This set of pharmacological experiments on quail hypothalamus explants and homogenates and the manipulations performed with immunoprecipitated human aromatase indicated that the inhibition of AA by phosphorylation is likely to be catalyzed by the activity of two Ser/Thr kinases, protein kinase A (PKA) and C (PKC), although the implication of tyrosine kinase and other Ser/Thr kinases cannot be completely ruled out (Balthazart et al., 2003; Charlier et al., 2011). The quail and human aromatase protein sequence were analyzed using bioinformatic tools to identify the potential phosphorylation sites, highly conserved amongst several avian and mammalian species. Fifteen and nineteen putative phosphorylation sites were identified for quail and human sequences respectively using the open access NETPHOS 2.0 program. These sites included 10 of the 27 serines, 5 of the 24 threonines, and 4 of the 17 tyrosines residues on the human sequence and we paralleled these findings with the results obtained using NETPHOSK, highlighting consensus sequences corresponding to PKC and PKA, protein kinases shown to affect quail and human AA during the pharmacological experiments (Balthazart et al., 2003; Charlier et al., 2011). The output pointed to 6 different residues, five serines (S118, S167, S247, S267, S497), and one threonine (T143) on the human sequence. It should be pointed out that other kinases might also be involved, as consensus binding sequence were observed on both quail and human aromatase. These were however not investigated. From this analysis, we decided to focus our attention on 6 different residues: S247, S267, and S497 that had high scores in both the predictive phosphorylation sites and PKA or PKC recognition consensus sequence; T462 and T493 that correspond to positions S455 and S486 in quail aromatase, two 2 residues that were predicted to be involved in the phosphorylation of aromatase (Balthazart et al., 2003). In addition, in vitro studies of the mouse aromatase performed by 2 different groups suggested that 2 other amino acid residues, namely serine S118 (Miller et al., 2008) or tyrosine Y361 (Catalano et al., 2009) can be phosphorylated. Indeed, the phosphorylation of Y361 triggered by the tyrosine-kinase c-Src seems involved in the E2-dependent upregulation of AA in breast cancer cell lines (Catalano et al., 2009) while phosphorylation of S188 by AGC-like kinases, including PKC and PKA, seems important for the stabilization of the protein, and therefore for the expression of AA (Miller et al., 2008). It should be noted that the effects of the phosphorylation status of these 2 residues on the rapid change of AA was not investigated and we explored the potential implication of S188 phosphorylation (not Y361) in the rapid control of AA.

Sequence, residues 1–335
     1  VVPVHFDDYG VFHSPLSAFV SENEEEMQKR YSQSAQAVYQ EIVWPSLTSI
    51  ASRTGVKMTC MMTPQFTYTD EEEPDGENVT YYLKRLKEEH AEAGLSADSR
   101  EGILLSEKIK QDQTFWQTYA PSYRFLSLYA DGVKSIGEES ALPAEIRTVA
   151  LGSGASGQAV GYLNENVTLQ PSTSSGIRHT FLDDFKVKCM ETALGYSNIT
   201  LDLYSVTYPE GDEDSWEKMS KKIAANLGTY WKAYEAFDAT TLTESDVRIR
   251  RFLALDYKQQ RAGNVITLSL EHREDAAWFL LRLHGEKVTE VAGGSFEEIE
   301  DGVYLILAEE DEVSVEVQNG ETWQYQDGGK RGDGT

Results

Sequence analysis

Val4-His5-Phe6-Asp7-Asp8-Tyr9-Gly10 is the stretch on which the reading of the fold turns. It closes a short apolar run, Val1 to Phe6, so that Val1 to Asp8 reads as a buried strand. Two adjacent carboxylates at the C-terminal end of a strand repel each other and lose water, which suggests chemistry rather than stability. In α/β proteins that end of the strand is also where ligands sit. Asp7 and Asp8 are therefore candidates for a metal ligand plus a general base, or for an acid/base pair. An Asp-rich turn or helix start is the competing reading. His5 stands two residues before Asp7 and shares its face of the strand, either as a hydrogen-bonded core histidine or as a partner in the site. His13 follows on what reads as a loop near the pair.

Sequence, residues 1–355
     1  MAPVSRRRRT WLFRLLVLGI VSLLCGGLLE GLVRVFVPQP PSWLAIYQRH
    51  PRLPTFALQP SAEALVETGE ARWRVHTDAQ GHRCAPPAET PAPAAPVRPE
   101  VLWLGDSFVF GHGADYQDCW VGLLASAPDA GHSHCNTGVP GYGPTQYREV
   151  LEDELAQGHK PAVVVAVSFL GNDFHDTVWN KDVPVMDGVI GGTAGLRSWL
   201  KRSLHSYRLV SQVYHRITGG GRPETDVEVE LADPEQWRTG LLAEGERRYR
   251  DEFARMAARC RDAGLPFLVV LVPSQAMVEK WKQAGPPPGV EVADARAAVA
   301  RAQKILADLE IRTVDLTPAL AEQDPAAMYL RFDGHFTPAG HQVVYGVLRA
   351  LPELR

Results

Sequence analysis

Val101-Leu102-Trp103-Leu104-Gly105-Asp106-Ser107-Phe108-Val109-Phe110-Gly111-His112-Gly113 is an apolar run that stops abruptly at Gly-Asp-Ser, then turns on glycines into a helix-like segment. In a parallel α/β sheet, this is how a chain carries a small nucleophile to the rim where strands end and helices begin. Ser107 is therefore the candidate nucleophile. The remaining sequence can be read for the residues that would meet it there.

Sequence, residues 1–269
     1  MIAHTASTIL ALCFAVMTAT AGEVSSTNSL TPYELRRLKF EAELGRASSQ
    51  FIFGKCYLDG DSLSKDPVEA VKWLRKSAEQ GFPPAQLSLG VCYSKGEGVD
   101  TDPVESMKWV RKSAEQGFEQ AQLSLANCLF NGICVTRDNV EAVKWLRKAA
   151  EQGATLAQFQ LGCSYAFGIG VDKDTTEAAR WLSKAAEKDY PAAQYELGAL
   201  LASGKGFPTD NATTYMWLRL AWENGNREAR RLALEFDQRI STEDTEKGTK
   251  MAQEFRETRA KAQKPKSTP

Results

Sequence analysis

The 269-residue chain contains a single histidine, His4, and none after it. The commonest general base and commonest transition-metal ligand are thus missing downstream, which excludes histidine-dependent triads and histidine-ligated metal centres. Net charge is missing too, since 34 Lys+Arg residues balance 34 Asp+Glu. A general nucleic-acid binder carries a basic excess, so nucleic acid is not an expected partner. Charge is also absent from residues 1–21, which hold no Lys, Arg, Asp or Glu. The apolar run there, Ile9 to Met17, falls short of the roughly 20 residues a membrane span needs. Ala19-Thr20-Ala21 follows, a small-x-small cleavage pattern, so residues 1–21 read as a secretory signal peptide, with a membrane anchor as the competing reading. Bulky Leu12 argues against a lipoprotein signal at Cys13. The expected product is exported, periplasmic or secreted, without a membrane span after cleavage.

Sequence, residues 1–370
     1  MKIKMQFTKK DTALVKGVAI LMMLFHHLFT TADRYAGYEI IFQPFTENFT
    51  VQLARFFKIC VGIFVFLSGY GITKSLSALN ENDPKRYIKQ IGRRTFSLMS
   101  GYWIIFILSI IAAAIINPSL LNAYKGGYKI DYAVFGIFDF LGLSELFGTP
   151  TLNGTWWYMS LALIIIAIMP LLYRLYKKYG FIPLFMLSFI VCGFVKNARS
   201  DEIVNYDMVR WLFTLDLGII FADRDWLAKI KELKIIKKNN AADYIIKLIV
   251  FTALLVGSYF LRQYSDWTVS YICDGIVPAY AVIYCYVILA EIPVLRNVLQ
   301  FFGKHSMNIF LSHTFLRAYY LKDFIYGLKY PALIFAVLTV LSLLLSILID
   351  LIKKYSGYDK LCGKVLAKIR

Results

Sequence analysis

Altogether, we investigated the consequence of mutating 6 S/T residues into alanine (A) using the human aromatase as template. All mutants expressed normal baseline AA and pre-incubation with ATP/Ca/Mg for 15 min markedly reduced this enzymatic activity in the 6 different mutants alone (S118A, S247A, S267A, T462A, T493A, S497A) or in combination (S267A-S247A, T493A-T462A-S267A, T493A-T462A-S267A-S247A, S497A-T493A-T462A-S267A-S247A) roughly to the same extent as in wild type enzyme, clearly showing that these single or combined mutations did not block the rapid inhibition of aromatase by phosphorylating conditions. The absence of effect, against all expectations, was thoroughly discussed in the original article (Charlier et al., 2011). In summary, it is likely that a combination of several phosphorylated residues that was not tested here is required to control AA. The control by multiple kinases reinforces the idea that several amino acids must concomitantly be phosphorylated to modify AA. It is possible that other consensus sites for phosphorylations and for other types of kinases that were also predicted on the quail and human aromatase sequences might be involved. Alternatively, it is possible that the control of AA by phosphorylations depends on the modulation of certain factors interacting with aromatase, in addition to the enzyme itself. Aromatase requires the presence of an active NADPH-cytochrome P450 reductase for electron transfer (Thompson and Siiteri, 1974; Miller, 2005; Hong et al., 2009). The phosphorylation of the reductase could be a control mechanism affecting the electron transfer and this idea should be further investigated.

Behavior and Rapid Modulation of Aromatase Activity